• Not about me. Finally, the CEO must subjugate his/her individual ideas and goals to those of AUPHA. It is easy for any leader to refer to “my board,” “my members,” or “my goals.” Membership owns AUPHA and their interests must always come first. The CEO must not take AUPHA in a direction of private benefits. This is easy to state but more difficult to implement as we often observe in government or association settings.

With these points made, what really makes running AUPHA difficult? I have struggled with three interrelated constraints.

  1. The roles of the CEO in shaping the position of AUPHA naturally become highly political in these days. Like all of you, I have positions regarding some of the key issues facing our healthcare and educational systems. AUPHA has not developed and articulated formal positions for most of the key issues, however, thus, as staff, I must be careful in how best to mention and discuss. For example, the third bullet above (Steady) could be interpreted as a criticism of current national leadership. I will let you all make that determination but the generalized statement stands independent of the context of politics. In the interest of creating unity within AUPHA, I have censored my thoughts and statements routinely. I could probably violate that now because I am a few days from retirement.
  2. Financial Risk. The range of ideas offered as means of generating member value and/or net revenue is substantial. Board members, faculty members, AUPHA leadership and staff can and have proposed a host of wonderful initiatives. All of these have great potential and supporters often point to successful implementation in other organizations. It is difficult to say no to a plausible idea, passionately presented, and containing the words “innovation, future oriented and/or modern.” Most of these suggestions are fundamentally sound if taken individually. In the aggregate, however, too many initiatives can spread limited resources thin. Remember that these new ideas emerge in addition to the many activities that AUPHA already pursues. A limited staff and budget cannot adequately develop, implement, and support too many initiatives. These wonderful ideas represent significant risks to the organization as we spend directly for the technology (usually). More importantly, they threaten the bandwidth available from staff and management.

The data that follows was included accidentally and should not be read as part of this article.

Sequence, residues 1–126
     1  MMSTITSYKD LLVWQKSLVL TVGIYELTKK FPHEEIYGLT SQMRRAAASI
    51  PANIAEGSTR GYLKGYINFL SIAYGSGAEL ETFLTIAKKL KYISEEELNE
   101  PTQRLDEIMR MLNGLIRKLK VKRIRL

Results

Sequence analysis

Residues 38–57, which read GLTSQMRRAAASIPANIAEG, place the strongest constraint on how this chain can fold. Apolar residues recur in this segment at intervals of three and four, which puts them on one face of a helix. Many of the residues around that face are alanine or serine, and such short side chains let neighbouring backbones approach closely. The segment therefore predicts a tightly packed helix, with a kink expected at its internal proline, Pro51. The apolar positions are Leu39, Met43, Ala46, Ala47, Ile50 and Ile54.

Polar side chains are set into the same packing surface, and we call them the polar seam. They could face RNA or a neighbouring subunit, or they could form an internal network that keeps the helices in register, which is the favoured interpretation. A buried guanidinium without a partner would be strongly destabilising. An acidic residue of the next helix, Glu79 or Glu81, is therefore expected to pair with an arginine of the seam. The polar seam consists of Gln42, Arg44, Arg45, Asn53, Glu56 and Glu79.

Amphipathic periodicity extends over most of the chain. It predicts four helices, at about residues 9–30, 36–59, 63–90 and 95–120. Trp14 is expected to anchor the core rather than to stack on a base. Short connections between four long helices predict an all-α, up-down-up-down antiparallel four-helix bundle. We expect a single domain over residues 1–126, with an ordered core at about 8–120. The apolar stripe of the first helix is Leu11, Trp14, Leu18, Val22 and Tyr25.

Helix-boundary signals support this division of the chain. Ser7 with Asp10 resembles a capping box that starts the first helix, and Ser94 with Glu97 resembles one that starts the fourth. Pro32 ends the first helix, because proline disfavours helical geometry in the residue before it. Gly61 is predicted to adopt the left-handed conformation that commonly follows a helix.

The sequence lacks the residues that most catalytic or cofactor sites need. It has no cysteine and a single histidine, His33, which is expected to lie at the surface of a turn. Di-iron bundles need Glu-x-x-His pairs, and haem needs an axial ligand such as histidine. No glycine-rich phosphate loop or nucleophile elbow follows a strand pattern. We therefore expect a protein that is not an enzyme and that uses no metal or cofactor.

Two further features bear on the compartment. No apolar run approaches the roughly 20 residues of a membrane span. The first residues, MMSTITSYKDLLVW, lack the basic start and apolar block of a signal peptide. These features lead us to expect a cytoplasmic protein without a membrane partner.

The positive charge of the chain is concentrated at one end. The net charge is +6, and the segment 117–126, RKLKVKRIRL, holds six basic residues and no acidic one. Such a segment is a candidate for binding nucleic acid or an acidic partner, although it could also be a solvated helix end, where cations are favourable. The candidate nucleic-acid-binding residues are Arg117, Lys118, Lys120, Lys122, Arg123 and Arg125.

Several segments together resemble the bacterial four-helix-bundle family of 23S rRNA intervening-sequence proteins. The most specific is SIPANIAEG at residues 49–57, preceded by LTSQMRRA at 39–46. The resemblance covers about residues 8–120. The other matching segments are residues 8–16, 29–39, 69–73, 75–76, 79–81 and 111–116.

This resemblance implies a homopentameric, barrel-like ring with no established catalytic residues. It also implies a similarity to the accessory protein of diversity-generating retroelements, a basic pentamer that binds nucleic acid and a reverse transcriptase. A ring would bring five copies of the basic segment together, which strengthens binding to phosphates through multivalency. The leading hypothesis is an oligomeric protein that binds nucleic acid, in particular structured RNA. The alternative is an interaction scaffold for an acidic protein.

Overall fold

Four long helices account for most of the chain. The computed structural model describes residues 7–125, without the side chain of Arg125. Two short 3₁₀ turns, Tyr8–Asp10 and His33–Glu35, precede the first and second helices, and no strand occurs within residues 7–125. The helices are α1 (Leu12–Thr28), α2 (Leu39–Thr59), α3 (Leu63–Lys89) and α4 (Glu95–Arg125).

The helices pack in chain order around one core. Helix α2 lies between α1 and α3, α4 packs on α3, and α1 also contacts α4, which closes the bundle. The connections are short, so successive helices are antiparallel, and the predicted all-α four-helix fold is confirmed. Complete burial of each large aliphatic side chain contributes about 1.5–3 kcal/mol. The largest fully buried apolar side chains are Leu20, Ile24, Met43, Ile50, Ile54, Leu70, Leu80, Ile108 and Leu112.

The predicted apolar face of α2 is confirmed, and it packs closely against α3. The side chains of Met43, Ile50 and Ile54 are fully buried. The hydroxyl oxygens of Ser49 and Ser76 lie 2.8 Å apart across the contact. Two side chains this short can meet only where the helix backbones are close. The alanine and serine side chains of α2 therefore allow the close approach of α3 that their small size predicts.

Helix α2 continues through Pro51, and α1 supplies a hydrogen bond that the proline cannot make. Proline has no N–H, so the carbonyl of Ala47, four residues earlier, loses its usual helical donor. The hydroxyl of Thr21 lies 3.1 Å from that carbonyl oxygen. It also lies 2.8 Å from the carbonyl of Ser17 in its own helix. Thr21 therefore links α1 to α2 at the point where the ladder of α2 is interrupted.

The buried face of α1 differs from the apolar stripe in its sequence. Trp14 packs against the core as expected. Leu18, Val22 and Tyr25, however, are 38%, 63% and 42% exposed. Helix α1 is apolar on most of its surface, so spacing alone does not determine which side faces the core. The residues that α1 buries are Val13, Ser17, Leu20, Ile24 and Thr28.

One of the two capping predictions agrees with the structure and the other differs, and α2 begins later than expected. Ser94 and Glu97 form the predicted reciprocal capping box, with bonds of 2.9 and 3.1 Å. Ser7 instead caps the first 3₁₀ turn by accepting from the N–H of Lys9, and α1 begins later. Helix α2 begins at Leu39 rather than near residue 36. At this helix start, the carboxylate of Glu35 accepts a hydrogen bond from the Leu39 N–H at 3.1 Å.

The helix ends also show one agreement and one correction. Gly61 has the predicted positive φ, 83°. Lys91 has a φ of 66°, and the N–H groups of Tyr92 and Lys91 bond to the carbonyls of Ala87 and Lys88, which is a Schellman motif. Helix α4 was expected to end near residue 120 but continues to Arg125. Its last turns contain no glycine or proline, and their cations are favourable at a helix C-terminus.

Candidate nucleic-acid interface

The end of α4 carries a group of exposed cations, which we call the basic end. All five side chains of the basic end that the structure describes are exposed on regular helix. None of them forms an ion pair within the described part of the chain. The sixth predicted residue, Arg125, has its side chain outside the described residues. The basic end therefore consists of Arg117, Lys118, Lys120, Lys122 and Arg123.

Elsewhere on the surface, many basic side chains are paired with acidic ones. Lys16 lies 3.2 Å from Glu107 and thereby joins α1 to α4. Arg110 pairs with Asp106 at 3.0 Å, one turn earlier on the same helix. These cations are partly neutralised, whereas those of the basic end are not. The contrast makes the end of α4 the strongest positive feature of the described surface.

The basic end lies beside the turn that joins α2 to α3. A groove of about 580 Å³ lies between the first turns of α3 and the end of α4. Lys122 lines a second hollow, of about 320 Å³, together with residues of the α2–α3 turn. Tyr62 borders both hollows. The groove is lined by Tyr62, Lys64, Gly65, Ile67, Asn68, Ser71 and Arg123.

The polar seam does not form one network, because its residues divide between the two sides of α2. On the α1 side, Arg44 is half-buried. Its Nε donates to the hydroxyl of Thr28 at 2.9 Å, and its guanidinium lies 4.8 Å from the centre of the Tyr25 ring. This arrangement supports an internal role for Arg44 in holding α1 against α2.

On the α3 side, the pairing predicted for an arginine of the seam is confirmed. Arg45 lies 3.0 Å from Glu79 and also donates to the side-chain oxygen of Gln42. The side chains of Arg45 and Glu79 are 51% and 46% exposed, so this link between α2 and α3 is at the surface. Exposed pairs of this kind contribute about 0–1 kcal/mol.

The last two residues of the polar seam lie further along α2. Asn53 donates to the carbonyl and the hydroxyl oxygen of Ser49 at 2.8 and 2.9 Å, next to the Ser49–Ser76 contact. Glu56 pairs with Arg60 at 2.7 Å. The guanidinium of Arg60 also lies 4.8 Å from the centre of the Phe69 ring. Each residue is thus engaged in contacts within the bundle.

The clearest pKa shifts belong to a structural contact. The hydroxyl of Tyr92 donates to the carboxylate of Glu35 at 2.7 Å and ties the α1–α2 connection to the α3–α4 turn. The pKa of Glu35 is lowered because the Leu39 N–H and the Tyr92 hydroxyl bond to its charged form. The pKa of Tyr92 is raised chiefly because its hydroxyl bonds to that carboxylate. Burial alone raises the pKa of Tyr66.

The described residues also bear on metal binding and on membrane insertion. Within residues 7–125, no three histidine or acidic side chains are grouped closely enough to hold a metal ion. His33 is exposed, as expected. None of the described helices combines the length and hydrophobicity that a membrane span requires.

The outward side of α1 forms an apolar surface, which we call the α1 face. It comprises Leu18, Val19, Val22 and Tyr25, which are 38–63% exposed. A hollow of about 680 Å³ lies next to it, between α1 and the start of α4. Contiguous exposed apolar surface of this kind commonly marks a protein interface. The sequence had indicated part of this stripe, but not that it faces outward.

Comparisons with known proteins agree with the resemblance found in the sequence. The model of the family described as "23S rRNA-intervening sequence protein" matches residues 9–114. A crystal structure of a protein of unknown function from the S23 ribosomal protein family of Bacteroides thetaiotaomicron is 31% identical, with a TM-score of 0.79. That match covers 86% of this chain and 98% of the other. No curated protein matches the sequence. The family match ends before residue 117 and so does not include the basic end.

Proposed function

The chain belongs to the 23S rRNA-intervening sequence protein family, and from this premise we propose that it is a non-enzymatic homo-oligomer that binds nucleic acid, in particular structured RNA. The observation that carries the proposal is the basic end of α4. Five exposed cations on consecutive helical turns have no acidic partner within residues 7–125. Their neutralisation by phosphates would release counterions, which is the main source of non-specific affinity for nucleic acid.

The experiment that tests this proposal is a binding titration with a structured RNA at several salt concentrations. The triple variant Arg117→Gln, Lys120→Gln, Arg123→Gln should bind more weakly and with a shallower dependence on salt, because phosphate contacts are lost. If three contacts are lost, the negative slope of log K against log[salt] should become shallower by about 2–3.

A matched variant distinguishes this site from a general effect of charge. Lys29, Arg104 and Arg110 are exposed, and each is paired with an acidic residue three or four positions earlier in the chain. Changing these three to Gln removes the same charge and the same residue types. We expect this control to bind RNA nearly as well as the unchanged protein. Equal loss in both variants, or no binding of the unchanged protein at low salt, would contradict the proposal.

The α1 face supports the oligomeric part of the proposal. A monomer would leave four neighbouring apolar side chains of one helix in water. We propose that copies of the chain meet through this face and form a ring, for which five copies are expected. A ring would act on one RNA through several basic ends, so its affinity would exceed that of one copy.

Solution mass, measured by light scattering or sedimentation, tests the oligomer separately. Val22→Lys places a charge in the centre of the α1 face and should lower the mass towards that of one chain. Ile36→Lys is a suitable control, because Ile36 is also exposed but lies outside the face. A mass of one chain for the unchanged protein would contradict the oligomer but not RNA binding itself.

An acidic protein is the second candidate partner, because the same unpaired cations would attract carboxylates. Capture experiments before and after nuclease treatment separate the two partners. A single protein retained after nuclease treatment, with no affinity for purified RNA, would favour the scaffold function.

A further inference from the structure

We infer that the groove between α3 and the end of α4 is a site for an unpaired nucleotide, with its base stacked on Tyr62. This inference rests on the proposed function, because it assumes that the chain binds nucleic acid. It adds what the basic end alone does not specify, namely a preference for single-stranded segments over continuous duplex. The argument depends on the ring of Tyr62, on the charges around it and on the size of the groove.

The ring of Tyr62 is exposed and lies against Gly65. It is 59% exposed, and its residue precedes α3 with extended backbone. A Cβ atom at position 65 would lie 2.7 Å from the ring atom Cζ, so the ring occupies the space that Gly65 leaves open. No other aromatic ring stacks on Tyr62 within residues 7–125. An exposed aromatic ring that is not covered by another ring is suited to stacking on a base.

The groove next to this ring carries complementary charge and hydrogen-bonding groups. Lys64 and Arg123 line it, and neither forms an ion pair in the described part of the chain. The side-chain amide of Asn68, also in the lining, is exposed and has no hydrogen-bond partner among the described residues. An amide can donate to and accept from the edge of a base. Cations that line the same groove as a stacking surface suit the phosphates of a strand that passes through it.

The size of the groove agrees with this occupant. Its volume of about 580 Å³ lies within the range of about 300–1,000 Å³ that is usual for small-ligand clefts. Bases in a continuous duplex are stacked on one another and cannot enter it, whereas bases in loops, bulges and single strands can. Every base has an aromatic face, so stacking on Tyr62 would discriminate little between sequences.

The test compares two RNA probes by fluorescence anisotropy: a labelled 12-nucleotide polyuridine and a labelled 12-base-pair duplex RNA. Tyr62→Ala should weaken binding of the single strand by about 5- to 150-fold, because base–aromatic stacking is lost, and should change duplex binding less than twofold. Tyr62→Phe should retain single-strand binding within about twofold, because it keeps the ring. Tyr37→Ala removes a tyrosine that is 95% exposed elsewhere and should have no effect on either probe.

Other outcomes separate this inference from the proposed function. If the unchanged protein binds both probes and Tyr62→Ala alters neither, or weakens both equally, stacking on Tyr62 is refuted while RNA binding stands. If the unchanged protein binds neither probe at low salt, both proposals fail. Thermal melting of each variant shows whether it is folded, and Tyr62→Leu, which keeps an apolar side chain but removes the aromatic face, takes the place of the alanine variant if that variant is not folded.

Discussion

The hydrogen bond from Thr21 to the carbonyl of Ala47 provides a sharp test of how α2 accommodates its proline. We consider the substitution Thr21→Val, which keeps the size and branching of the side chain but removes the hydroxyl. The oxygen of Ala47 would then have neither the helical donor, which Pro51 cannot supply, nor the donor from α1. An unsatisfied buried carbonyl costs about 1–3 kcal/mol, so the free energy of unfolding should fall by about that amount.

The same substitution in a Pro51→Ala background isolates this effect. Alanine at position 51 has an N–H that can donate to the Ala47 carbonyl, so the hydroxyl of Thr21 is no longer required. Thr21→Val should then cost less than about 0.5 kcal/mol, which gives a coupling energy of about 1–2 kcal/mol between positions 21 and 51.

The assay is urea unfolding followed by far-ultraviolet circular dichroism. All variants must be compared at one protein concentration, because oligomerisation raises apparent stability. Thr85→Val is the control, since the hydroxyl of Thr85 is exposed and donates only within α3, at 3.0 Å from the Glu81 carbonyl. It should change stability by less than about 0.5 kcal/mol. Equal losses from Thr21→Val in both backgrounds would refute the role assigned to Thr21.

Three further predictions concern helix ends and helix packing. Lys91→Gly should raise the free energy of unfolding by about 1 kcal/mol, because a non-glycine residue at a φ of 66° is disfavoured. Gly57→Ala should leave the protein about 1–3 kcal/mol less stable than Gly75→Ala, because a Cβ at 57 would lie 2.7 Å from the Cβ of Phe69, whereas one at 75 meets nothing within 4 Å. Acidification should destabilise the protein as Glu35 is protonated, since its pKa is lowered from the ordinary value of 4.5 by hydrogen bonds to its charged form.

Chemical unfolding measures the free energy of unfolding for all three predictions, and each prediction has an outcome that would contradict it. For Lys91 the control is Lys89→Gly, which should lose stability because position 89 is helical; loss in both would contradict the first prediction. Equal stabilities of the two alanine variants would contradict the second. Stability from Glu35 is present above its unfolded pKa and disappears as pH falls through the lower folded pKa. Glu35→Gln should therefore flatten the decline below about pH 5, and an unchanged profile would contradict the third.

3. Technology Innovation. The shiny objects that appear daily in email, text, and phone solicitations represent a different set of noise confronting association executives. Association management systems, voice and data communication systems, social media placement, data scrapers, publication software, and meeting management systems are a few of the many technologies that offer “solutions.” As in the financial risk discussion above, each of these technologies, have attractive features. For a small organization, however, having the breadth and depth of necessary internal expertise constitutes a challenge. AUPHA staff each have a wide portfolio and they do their job well. We do not have sufficient expertise to evaluate comprehensively complex technologies on the front end or to fully implement the many features of the technology once acquired.

Now these cautions may lead you to the conclusion that to succeed, the association executive must hunker down and never express an opinion, take a risk, or adopt innovative technologies. That also is a recipe for disaster. All organizations, and especially those operating within a rapidly changing healthcare and education environment, need to be flexible and adapt to change. We have made many changes over the years, too few for some and too many for others. AUPHA is now in a sound place with strong financial resources, great staff, committed members, and a rich history. I welcome whomever the Board selects as the next CEO and wish him/her/they the best. Like all of you, I will continue to be available as needed to assist.



1 comment



I have had the pleasure of knowing and working with you since 2001. Well done, sir! You will be missed.